|Capital profit (UK)|
A profit arising from the realization, either in cash or in kind, of an asset not bought originally for resale in the course of business. A distinction is necessary between capital profits made by individuals and those made by companies. Although both are assessable to capital gains tax, there are additional points to note re the capital profits of limited companics governed by the Companies Acts.
At one time capital profits of companies could only be distributed in strictly defined circumstances. The position was changed and clarified by the 1980 Companies Act, which permitted the distribution of capital profits in the manner of revenue profits provided that those profits were both real and realized, had not been previously capitalized and remained after all accumulated realized capital losses had been accounted for. Public companies must also show that the additional conditions appropriate to distributable reserves of public companies are satisfied.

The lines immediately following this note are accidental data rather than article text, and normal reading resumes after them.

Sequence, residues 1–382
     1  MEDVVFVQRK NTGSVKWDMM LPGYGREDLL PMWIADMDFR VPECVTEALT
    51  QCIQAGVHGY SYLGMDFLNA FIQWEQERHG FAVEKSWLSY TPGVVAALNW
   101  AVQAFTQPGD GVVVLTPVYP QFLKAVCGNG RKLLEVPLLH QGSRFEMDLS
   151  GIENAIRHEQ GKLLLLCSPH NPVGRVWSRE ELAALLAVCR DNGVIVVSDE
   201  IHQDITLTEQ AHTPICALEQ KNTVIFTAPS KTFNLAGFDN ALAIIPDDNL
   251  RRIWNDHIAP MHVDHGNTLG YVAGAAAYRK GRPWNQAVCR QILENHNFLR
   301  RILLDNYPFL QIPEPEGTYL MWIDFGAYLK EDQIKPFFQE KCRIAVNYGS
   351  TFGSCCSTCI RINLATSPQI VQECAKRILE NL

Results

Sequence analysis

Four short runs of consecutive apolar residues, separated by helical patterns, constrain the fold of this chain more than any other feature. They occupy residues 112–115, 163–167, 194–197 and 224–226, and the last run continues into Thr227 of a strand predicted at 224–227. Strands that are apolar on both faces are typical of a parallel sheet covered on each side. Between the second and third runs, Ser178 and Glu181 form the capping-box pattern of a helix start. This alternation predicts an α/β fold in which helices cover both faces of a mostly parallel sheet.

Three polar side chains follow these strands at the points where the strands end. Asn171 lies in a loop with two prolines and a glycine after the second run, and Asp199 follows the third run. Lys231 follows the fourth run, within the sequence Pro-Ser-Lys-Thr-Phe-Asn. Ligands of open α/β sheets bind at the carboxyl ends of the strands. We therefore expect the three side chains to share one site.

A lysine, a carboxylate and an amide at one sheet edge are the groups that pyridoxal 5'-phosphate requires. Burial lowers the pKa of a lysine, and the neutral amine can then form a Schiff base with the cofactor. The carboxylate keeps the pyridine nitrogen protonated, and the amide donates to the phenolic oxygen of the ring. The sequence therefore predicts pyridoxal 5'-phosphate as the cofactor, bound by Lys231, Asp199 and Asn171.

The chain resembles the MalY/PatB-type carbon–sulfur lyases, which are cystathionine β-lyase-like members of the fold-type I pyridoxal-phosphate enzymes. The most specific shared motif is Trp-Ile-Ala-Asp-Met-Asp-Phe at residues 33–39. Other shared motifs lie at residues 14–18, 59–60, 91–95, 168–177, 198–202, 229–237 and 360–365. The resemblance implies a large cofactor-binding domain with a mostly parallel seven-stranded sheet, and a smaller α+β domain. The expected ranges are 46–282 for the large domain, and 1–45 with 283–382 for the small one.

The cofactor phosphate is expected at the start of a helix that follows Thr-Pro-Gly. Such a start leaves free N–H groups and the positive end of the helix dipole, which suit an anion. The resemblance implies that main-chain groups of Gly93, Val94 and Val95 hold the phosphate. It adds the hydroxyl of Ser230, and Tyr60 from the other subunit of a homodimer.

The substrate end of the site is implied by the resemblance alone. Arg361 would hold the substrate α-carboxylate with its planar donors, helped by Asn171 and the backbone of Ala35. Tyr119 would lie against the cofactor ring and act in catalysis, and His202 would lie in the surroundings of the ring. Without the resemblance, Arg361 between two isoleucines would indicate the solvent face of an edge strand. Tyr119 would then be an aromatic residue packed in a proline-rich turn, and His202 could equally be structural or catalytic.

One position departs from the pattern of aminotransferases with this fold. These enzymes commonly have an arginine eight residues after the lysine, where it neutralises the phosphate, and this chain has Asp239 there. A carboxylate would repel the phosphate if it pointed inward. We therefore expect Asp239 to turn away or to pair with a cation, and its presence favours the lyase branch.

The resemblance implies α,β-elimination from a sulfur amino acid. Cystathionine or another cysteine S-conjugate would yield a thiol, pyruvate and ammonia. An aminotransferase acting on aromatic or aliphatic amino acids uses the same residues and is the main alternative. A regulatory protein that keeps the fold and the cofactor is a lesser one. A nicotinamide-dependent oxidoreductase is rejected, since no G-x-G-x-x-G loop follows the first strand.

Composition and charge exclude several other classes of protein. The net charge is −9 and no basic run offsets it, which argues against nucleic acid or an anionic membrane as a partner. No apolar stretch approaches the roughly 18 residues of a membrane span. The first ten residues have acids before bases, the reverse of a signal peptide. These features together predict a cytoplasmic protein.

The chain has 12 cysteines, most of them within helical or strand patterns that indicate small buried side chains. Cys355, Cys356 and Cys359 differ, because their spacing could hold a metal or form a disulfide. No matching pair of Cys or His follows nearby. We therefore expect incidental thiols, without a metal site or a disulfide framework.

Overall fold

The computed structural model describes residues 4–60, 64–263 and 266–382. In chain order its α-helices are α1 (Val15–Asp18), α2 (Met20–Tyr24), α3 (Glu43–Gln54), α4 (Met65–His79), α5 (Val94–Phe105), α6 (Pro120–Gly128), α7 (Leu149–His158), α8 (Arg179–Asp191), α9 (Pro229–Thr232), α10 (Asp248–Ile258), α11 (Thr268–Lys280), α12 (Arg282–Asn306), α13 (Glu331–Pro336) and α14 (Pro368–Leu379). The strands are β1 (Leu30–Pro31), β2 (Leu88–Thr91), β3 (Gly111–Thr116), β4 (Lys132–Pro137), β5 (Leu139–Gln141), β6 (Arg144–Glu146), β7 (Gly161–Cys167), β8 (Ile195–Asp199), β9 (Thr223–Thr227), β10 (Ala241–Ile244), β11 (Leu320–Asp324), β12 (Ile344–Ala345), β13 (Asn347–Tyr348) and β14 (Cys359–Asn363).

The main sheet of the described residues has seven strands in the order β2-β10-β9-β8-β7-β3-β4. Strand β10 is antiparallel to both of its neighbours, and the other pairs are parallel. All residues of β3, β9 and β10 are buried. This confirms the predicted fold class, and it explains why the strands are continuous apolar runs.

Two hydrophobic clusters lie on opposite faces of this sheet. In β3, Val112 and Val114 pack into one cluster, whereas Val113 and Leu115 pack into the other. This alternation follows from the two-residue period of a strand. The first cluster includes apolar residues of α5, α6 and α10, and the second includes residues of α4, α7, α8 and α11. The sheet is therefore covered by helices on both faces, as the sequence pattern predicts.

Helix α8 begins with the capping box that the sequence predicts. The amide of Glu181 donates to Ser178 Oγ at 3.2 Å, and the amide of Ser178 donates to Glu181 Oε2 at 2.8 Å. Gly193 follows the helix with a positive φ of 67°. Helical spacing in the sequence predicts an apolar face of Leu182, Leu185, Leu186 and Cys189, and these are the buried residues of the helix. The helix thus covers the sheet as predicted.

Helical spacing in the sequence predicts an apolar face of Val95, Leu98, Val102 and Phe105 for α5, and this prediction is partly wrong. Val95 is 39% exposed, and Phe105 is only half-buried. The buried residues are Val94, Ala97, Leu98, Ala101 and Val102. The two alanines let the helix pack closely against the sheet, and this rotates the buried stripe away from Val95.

The changes introduced by the 1980 Companies Act go some way towards preventing the abuses of asset stripping whilst leaving intact the option all companies enjoy of using capital profits, whether realized or unrealized, to fund the issue of bonus shares, though not redeemable bonus shares, which would defeat the purpose of the legislation.
|Reference: The Penguin Business Dictionary, 3rd edt.|